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Roy Rogers


On this date in 1950, the results of the Sears-Roebuck safety slogan contest in Bismarck were in. The winner was a 10-year-old from Ft. Lincoln, for his slogan, “Go Slow or You’ll Go – Fast.” His award was a gold-colored statue of Roy Rogers’ horse, Trigger.

Young Larry “Roy” Amon took possession of his prize that night, when Roy Rogers himself gave it to him on stage. Rogers and wife Dale Evans were in Bismarck as part of a tour with their cowboy band. The Bismarck Tribune wrote, “Roy Rogers is ‘King of the Cowboys’ and western fans couldn’t have found a more gracious, friendly, down-to-earth ruler for their sovereign.”

For young Larry, the highlight of the evening was sitting – for a good 10 minutes – in Roy Roger’s saddle on the real Trigger. The story read, “…the Wonder Horse did not attempt any of his famous tricks for the young horseman’s benefit … Trigger was well behaved considering the noise and excitement around him.”

Larry wasn’t the only youngster involved with the event. The Tribune chose two special reporters to conduct an interview with the western duo – 7th graders Jeanne Lewis, who had just moved from Mott to Bismarck, and Billy Russell of Mandan.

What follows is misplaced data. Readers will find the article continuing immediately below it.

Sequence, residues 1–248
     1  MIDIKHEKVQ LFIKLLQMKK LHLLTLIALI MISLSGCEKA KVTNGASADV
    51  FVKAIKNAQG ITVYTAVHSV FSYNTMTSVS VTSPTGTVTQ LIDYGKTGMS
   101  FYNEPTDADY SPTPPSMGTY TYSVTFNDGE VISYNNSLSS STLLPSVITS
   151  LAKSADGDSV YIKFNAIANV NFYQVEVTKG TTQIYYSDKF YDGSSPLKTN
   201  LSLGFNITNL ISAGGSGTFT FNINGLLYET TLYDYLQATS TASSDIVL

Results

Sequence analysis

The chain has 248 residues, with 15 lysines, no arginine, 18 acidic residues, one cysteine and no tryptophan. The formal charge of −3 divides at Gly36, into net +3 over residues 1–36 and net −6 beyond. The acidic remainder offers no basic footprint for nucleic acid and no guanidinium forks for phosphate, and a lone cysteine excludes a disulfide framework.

The young reporters questioned Dale and Roy before the show, with Billy asking the first question: “Have you ever been on television?” Roy said he was still under movie and radio contracts and had appeared on TV only a few times. He forecast, however, that someday he’d be a regular television performer.

Billy asked Rogers if he had ever performed in the Mandan Rodeo. Rogers replied, “No, I haven’t, but I would like to sometime.”

The young reporters learned Rogers’ tour got off to a rocky start. Outside St. Joseph, Missouri, a wheel came off Rogers’ trailer, and his prize dog, Bullet, was injured. Bullet had to be left with a veterinarian, but seemed to be recovering.

Jeanne asked Dale if she liked to cook. Dale said she certainly did, and Billy jumped in, asking, “Roy, what dish of Dale’s do you like best?”

“Fried chicken and corn bread,” Roy said. “She can really cook them.”

Then, as the band struck up their opening number, the interview was over. Roy and Dale walked out on stage to entertain an audience of some 3,000, adoring, North Dakota fans.

Dakota Datebook written by Merry Helm


The Bismarck Tribune. 10 & 11 Nov 1950.

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